Millenia (and its Miller-type V6 engine) were discontinued in 2002,
the company has recently introduced a much smaller Miller-cycle
four-cylinder engine for use in its Demio starting in 2008. As with
its leadership in Wankel technology,
Mazda remains (so far) the only
automaker to have used a Miller-cycle engine in the automotive realm.
Further financial difficulties at
Mazda during the 1990s (partly
caused by losses related to the 1997 Asian financial crisis) caused
Ford to increase its stake to a 33.4-percent controlling interest in
May 1996. In June 1996, Henry Wallace was appointed President, and he
set about restructuring
Mazda and setting it on a new strategic
direction. He laid out a new direction for the brand including the
design of the present
Mazda marque; he laid out a new product plan to
achieve synergies with Ford, and he launched Mazda's digital
innovation program to speed up the development of new products. At the
same time, he started taking control of overseas distributors,
rationalized dealerships and manufacturing facilities, and driving
much needed efficiencies and cost reductions in Mazda's operations.
Much of his early work put
Mazda back into profitability and laid the
foundations for future success. Wallace was succeeded by James Miller
in November 1997, followed in December 1999 by
Ford executive Mark
Fields, who has been credited with expanding Mazda's new product
lineup and leading the turnaround during the early 2000s. Ford's
increased influence during the 1990s allowed
Mazda to claim another
distinction in history, having maintained the first foreign-born head
of a Japanese car company, Henry Wallace.
Amid the world financial crisis in the fall of 2008, reports emerged
Ford was contemplating a sale of its stake in
Mazda as a way of
streamlining its asset base.
BusinessWeek explained the alliance
Mazda has been a very successful one, with Mazda
saving perhaps $90 million a year in development costs and Ford
"several times" that, and that a sale of its stake in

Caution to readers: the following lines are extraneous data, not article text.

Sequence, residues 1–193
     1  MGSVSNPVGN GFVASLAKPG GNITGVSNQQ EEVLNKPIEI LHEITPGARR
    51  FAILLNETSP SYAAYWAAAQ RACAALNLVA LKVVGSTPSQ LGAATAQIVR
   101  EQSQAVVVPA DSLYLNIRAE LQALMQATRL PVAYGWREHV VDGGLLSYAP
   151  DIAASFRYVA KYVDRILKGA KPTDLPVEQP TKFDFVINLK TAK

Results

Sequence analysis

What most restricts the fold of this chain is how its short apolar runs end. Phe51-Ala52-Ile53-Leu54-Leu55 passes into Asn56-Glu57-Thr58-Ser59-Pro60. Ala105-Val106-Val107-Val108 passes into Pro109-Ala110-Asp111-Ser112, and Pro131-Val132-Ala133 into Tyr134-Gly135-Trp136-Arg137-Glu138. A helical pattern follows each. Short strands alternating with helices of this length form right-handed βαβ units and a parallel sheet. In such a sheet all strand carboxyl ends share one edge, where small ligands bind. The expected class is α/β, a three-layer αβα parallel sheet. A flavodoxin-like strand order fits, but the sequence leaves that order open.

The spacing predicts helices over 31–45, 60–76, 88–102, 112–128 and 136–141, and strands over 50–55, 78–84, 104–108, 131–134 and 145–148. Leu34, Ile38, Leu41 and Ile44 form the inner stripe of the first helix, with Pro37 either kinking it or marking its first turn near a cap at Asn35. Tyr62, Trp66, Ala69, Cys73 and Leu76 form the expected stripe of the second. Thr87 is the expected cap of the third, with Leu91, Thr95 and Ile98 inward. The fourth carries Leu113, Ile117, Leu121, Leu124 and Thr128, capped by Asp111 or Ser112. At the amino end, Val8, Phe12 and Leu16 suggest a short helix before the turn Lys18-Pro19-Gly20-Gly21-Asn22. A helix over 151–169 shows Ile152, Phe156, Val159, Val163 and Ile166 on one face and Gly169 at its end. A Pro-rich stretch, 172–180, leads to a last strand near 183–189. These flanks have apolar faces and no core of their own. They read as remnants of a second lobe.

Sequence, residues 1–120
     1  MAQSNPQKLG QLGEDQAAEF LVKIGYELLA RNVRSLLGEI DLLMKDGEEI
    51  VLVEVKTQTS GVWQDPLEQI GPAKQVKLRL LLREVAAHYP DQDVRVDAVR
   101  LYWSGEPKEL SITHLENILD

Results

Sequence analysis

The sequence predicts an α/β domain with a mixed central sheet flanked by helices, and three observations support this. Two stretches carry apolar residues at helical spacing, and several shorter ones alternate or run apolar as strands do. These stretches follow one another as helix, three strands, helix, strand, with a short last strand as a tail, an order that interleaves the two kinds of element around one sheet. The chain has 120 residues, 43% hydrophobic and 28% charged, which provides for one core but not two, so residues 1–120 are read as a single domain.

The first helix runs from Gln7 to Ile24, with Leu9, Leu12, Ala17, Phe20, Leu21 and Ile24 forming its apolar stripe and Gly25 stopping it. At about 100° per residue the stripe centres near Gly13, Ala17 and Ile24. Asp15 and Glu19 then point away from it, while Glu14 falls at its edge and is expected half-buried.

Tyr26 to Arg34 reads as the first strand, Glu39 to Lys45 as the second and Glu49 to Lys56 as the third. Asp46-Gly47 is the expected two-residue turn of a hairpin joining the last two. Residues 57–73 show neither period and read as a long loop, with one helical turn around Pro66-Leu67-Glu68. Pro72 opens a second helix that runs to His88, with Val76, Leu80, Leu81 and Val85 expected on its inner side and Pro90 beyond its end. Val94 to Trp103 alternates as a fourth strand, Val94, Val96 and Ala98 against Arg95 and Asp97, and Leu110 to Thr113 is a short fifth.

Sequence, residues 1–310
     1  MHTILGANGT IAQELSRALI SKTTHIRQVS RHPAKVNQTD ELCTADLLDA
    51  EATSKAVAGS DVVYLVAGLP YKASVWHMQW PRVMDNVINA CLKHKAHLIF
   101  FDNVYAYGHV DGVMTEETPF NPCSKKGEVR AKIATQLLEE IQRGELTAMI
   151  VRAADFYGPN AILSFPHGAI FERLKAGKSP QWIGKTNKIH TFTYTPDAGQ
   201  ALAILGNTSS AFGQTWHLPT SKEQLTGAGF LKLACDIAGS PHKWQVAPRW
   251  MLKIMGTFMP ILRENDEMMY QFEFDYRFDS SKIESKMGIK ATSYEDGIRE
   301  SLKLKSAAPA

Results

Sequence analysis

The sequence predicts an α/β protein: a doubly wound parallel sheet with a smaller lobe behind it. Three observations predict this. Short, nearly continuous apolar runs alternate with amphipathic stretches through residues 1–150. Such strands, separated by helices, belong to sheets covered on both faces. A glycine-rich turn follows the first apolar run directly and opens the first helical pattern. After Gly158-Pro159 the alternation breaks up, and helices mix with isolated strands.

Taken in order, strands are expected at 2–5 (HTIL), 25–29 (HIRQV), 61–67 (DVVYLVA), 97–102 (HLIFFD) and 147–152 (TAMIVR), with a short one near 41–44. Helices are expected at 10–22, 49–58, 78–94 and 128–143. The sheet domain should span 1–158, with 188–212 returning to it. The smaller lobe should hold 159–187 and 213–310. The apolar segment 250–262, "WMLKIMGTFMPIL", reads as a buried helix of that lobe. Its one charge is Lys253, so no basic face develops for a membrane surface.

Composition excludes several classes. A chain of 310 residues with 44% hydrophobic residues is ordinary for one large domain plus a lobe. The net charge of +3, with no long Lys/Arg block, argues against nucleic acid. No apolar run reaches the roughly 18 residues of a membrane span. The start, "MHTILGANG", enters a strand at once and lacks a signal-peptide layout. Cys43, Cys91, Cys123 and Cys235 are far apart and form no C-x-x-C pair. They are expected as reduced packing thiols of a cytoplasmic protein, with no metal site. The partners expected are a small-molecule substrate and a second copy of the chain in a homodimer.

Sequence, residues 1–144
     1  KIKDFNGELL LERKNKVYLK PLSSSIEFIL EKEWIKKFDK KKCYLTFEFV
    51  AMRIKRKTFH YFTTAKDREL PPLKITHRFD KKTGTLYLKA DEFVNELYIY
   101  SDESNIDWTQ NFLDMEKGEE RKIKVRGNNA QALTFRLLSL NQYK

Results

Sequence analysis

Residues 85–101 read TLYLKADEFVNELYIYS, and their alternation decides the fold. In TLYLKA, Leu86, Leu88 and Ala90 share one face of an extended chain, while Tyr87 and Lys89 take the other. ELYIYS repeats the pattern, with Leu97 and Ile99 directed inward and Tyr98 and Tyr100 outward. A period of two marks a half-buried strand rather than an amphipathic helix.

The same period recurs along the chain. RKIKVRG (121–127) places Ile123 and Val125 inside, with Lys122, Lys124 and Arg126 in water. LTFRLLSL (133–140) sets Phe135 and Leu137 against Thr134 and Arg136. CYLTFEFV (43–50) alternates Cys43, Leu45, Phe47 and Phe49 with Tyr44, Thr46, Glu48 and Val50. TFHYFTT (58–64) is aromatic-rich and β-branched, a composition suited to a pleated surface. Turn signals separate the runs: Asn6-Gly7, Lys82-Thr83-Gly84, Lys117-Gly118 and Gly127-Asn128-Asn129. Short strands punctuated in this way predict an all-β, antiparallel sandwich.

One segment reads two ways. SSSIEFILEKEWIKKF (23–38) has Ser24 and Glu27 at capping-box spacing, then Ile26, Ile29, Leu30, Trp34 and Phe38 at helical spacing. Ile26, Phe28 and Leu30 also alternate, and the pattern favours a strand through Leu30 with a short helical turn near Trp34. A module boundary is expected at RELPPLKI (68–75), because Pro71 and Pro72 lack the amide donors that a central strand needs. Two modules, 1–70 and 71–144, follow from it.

Mazda would be a
desperate measure. On November 18, 2008,
Ford announced that it
would sell a 20% stake in Mazda, reducing its stake to 13.4% thus
surrendering control of the company, which it held since 1996.
The following day,
Mazda announced that, as part of the deal, it was
buying back 6.8% of its shares from
Ford for about US$185 million
while the rest would be acquired by business partners of the
company. It was also reported that Hisakazu Imaki would be
stepping down as chief executive, to be replaced by Takashi
Yamanouchi. On November 18, 2010,
Ford reduced its stake further
to 3%, citing the reduction of ownership would allow greater
flexibility to pursue growth in emerging markets, and
Financial Group was believed to become its largest shareholder. Ford
Mazda remained strategic partners through joint ventures and
exchanges of technological information.
On September 30, 2015, when Ford's shares had sunk to a little over 2%
due to stock dilution,
Ford sold its remaining shares in Mazda.
Post-partnership with Ford
Mazda raised more than 150 billion yen (US$1.9 billion) in a
record share sale to replenish capital, as it suffered its biggest
annual loss in 11 years. Part of the proceeds were used to build an
auto plant in Mexico. The Mexican plant was built jointly by the
In May 2015, the company signed an agreement with
Toyota to form a
"long-term partnership", that would, among others, see
Toyota with fuel-efficient
SkyActiv gasoline and diesel engine
technology, in exchange for hydrogen fuel cell systems.
Mazda dealership in Saitama, Japan
Mazda Motors square symbol based on
Sumitomo family crest, and is an
affiliated company of the
Mazda tried using a number of different marques in the Japanese (and
occasionally Australian) markets in the 1990s, including Autozam,
Eunos, and ɛ̃fini. This effort was phased out before the decade was
over. The motivation was brought on by market competition from other
Japanese automakers efforts in offering vehicles at multiple Japanese
dealership networks offered by Toyota, Nissan, and Honda. Mazda's
implementation of brand diversification reflected a Japanese
engineering philosophy, called Kansei engineering, which was used as
an advertising slogan in North America. This selective marketing
experiment was ended in the mid-1990s due to economic conditions,
largely attributed to the collapse of the Japanese asset price bubble
This diversification stressed the product development groups at Mazda
past its limits. Instead of having a half-dozen variations on any
given platform, developers were asked to work on dozens of different
models and consumers were confused as well by the explosion of similar
new models. One of the oddest sub-marques was M2, used on three rare
variants of the Eunos Roadster (the M2-1001, M2-1002 and M2-1028) and
one of the